But...here I am sitting at a gaming convention. I feel the passion for writing seeping back in. I feel the need to create. I feel the need to start a project, a major project, a life changing project and finish it. I am still overwhelmed to some degree by all the little projects that need to be done but...I need to accomplish things for me and my soul.
Tuesday, August 10, 2010
What do you get when you cross the cogs of steampunk with the gruesomeness of zombies? You get The Boneshaker by Cherie Priest. Haven’t heard of it you say? Well foolish mortal, now you have. Here is a book to fulfill your steampunked dreams, with excellent writing, superb machine craftsmanship, and zombies.
Here’s a brief synopsis:
Briar Wilkes (Blue) was once married to the man who created The Incredible Bone-Shaking Drill Engine. It was commissioned to dig deep into the Klondike for gold, but on its initial test run something goes terribly wrong. Several blocks of Civil War era Seattle are collapsed and destroyed as the machine digs its way through both foundations and rock, including those in and around Seattle’s financial district. But, the worst of the destruction comes from the bowels of the earth as a poisonous gas, known as The Blight, rises up, slowly killing all who breathe it, only to come back as zombies. Fifteen years later, the wall that was originally built to keep The Blight from spreading, also hold secrets that Briar’s fifteen year old son Zeke, wants to know about. The boy finds his way into the decimated walled-up inner city and begins his search for answers his mother never gave him. Briar follows her son in order to save him from dangers he could never have imagined, with the help of Captain Cly and his dirigible, and with the help of several characters who chose to live within the desolate walls. During her search for Zeke she must live through attacks by rotters, and the fiendish manipulations of Dr. Minnericht, who may or may not be her husband, all in order to find her son.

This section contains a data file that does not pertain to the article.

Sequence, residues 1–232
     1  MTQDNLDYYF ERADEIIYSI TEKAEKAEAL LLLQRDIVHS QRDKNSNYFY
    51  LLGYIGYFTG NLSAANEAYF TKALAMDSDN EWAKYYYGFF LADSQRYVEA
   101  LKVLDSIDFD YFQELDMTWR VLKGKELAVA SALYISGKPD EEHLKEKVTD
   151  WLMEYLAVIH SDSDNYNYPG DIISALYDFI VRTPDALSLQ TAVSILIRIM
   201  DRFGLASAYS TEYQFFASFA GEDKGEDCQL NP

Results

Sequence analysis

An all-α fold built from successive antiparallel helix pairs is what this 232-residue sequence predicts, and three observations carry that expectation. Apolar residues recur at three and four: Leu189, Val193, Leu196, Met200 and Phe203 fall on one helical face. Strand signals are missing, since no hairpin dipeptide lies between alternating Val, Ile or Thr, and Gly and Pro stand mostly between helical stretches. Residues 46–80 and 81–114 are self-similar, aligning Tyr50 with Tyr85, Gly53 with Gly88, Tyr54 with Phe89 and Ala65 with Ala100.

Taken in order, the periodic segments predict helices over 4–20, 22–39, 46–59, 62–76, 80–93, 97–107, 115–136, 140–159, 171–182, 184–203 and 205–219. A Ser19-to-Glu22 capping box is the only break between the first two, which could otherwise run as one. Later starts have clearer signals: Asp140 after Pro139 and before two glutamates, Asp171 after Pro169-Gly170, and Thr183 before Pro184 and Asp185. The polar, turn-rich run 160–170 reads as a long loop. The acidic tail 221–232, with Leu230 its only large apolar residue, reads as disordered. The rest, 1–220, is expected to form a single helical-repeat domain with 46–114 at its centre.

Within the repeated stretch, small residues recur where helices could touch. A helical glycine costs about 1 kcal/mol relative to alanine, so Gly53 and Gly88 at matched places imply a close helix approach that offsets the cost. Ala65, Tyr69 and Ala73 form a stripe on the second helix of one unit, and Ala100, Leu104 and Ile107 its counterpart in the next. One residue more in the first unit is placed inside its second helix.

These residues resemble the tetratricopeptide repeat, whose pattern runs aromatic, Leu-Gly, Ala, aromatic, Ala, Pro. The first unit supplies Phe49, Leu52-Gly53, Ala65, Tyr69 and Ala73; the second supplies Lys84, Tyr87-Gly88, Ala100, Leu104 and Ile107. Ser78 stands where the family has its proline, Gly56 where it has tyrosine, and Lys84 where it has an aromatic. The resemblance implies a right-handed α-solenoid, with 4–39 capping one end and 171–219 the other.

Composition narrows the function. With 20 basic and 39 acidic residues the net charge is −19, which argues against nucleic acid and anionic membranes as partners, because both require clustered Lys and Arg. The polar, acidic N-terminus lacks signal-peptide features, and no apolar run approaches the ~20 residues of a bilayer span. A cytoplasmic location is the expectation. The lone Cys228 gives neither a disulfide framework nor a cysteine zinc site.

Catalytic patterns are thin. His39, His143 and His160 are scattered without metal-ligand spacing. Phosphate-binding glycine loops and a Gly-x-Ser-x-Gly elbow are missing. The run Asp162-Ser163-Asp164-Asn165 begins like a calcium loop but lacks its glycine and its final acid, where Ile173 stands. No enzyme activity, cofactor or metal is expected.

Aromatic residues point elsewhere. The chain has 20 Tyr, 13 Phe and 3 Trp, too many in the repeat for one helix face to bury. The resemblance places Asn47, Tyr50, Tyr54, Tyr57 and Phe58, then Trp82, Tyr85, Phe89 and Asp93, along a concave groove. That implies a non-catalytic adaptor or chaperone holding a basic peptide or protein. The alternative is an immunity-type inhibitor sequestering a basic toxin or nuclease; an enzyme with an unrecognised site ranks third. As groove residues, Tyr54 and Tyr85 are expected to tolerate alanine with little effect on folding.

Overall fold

Sound good? It really is for several reasons.
The quality of the steampunk gadgets is believable. Electricity was still in its infancy and Priest shows this through some of the workings of the inner city. Power to operate most equipment has to be generated from steam, billows, pulleys, or static electricity. Items (with one exception) don’t magically operate on command, with no explanation as to how it is even possible. Priest shows the reader how modified weaponry and specialized ventilation systems work in her story, but the reader is not bogged down or overwhelmed by complex technical jargon. The fantastical devices are not the whole story either, but inanimate characters who add to the overall setting.
Another reason this was such a great read is that Priest did not fall into the trap of romanticizing Seattle that once was, and what it has become, or any of the characters. It was gritty and dirty with very few reminders of Seattle’s former glory during the 1880’s. The inhabitants don’t wax poetic over what once was, because they are forced to live in the very real and deadly present, in order to make it to tomorrow. Sentimental tripe is no where to be fond. She also did not feel the need to add any romantic attachments, which was wonderful, as too many books these days rely on that at some point in order to move a story along. Admittedly, this may have led to the lack of development in regards to some of the characters.
Finally, there are the zombies. In this book they are referred to as rotters, and I loved them. The explanation as to how they came about is plausible, poisoned by The Blight gas, and they are not all slow moving and mindless. These stinking rotting walking corpses can move it when they sense fresh meat, even going so far as to climb in one chapter, in order to get a tasty morsel. They can be killed in the time honored zombie way, by destroying the brain, but they are so aggressive and numerous, that for the few humans who live within the dead city it is usually more important to run away.